Data are reported as mean and SD. Shaded area represents current guideline-recommended thresholds for elevated non–high-density lipoprotein cholesterol in adolescence (≥144.79 mg/dL) and adulthood (≥189.58 mg/dL).
Data are reported as medians with 50% credible intervals (brackets). Adolescence is categorized by age 12 to 18 years; young adulthood, age 21 to 30 years; and mid-adulthood, age 33 to 45 years.
eTable 1. Characteristics of participants stratified by sex
eTable 2. Life stage specific associations of dyslipidemia for the presence of coronary artery calcium in mid-adulthood
eTable 3. Life stage specific associations between dyslipidemia and the presence of coronary artery calcium in mid-adulthood stratified by sex
eTable 4. Unadjusted life stage specific associations between non-HDL cholesterol and coronary artery calcium in mid-adulthood stratified by sex
eTable 5. Life stage specific associations of non-HDL-c for the presence of coronary artery calcium in mid-adulthood
Customize your JAMA Network experience by selecting one or more topics from the list below.
Armstrong MK, Fraser BJ, Hartiala O, et al. Association of Non–High-Density Lipoprotein Cholesterol Measured in Adolescence, Young Adulthood, and Mid-Adulthood With Coronary Artery Calcification Measured in Mid-Adulthood. JAMA Cardiol. 2021;6(6):661–668. doi:10.1001/jamacardio.2020.7238
What is the relative association of non–high-density lipoprotein cholesterol (non–HDL-C) levels in adolescence, young adulthood, and mid-adulthood with coronary artery calcification in mid-adulthood?
In this 28-year cohort study of 589 participants, the presence of coronary artery calcification in mid-adulthood was associated with exposure to non–HDL-C in adolescence, young adulthood, and mid-adulthood. However, adolescent non–HDL-C levels showed the strongest association with coronary artery calcification.
The odds for the presence of coronary atherosclerosis attributable to non–HDL-C begins early in life, and greater awareness of the importance of elevated non–HDL-C in adolescence is needed.
Elevated non–high-density lipoprotein cholesterol (non–HDL-C) is associated with the presence of coronary artery calcification (CAC), a marker of heart disease in adulthood. However, the relative importance of non–HDL-C levels at specific life stages for CAC remains unclear.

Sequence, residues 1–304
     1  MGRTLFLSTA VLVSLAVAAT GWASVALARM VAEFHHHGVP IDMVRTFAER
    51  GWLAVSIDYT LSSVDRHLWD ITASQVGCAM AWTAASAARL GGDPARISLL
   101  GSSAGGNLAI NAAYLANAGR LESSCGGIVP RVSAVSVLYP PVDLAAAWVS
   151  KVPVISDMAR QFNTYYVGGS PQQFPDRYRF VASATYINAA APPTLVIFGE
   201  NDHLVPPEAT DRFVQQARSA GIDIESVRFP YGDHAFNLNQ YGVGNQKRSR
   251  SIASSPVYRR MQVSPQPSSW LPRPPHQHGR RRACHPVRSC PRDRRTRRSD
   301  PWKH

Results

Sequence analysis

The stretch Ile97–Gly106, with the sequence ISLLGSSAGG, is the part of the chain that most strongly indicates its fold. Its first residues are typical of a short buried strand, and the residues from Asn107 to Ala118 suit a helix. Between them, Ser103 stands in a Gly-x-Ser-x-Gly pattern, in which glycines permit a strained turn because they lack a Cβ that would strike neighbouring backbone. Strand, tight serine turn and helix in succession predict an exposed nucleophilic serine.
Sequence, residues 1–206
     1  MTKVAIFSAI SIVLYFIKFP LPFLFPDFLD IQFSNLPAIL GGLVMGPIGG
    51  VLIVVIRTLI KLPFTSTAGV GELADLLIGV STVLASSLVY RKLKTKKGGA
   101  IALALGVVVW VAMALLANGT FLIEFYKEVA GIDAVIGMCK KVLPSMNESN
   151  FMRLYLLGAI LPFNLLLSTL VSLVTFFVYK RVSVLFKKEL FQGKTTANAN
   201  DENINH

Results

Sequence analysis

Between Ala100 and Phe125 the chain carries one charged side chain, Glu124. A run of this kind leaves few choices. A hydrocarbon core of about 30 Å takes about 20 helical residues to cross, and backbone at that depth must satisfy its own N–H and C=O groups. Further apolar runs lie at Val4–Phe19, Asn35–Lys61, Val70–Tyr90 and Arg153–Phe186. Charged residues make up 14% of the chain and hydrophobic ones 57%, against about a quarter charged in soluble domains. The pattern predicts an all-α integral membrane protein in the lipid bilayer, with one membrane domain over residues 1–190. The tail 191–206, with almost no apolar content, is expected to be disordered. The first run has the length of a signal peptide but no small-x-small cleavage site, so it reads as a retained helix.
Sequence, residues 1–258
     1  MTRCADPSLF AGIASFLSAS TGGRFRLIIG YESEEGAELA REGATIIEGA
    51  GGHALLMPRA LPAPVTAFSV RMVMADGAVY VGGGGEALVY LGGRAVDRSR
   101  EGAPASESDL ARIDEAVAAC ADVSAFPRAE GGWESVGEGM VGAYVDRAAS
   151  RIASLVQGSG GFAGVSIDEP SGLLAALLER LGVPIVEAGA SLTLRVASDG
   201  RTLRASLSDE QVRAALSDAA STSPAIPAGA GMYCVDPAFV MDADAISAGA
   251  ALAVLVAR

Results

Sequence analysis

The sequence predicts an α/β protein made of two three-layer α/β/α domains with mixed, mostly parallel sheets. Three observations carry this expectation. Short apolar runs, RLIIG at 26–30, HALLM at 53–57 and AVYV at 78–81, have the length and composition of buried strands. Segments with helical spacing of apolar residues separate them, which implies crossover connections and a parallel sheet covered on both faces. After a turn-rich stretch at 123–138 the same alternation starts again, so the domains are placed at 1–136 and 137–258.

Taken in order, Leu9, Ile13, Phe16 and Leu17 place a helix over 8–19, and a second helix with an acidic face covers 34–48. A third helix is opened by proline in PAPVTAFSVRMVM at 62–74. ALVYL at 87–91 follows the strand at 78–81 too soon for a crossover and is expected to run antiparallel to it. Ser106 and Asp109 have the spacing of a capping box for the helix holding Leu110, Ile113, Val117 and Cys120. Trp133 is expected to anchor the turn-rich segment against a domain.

To identify the relative association of non–HDL-C measured at distinct life stages (adolescence, young adulthood, mid-adulthood) with the presence of CAC measured in mid-adulthood.
Design, Setting, and Participants
The Cardiovascular Risk in Young Finns Study is a population-based prospective cohort study that started in 1980 with follow-up over 28 years. Participants from 3 population centers (Kuopio, Tampere, and Turku in Finland) represent a convenience sample drawn from the 3 oldest cohorts at baseline (aged 12-18 years in 1980). Data were collected from September 1980 to August 2008. Analysis began February 2020.
Non–HDL-C levels were measured at 3 life stages including adolescence (aged 12-18 years), young adulthood (aged 21-30 years), and mid-adulthood (aged 33-45 years).
Main Outcomes and Measures
In 2008, CAC was determined from computed tomography and dichotomized as 0 (no CAC, Agatston score = 0) and 1 (presence of CAC, Agatston score ≥1) for analysis. Using a bayesian relevant life course exposure model, the relative association was determined between non–HDL-C at each life stage and the presence of CAC in mid-adulthood.
Of 589 participants, 327 (56%) were female. In a model adjusted for year of birth, sex, body mass index, systolic blood pressure, blood glucose level, smoking status, lipid-lowering and antihypertensive medication use, and family history of heart disease, cumulative exposure to non–HDL-C across all life stages was associated with CAC (odds ratio [OR], 1.50; 95% credible interval [CrI], 1.14-1.92). At each life stage, non–HDL-C was associated with CAC and exposure to non–HDL-C during adolescence had the strongest association (adolescence: OR, 1.16; 95% CrI, 1.01-1.46; young adulthood: OR, 1.14; 95% CrI, 1.01-1.43; mid-adulthood: OR, 1.12; 95% CrI, 1.01-1.34).
Conclusions and Relevance
These data suggest that elevated non–HDL-C levels at all life stages are associated with coronary atherosclerosis in mid-adulthood. However, adolescent non–HDL-C levels showed the strongest association with the presence of CAC in mid-adulthood, and greater awareness of the importance of elevated non–HDL-C in adolescence is needed.
Biological processes underlying the causes of heart disease begin years before the emergence of clinical symptoms. Indeed, autopsy studies indicate that aortic and coronary artery atherosclerotic lesions are present among children as young as 2 years old, the prevalence and severity of which rapidly increase during adolescence.1,2 Moreover, data from ongoing cohort studies suggest adolescent and young adulthood risk factor levels may be better than concurrent measures for predicting increased carotid intima-media thickness and coronary artery calcification (CAC), markers of heart disease in mid to later life.3,4 Therefore, early-life initiation of primary and primordial prevention strategies represents a potentially compelling opportunity to reduce future heart disease risk. However, heart disease risk is typically managed in middle to later life when symptoms become more apparent and the need for clinical intervention more acute.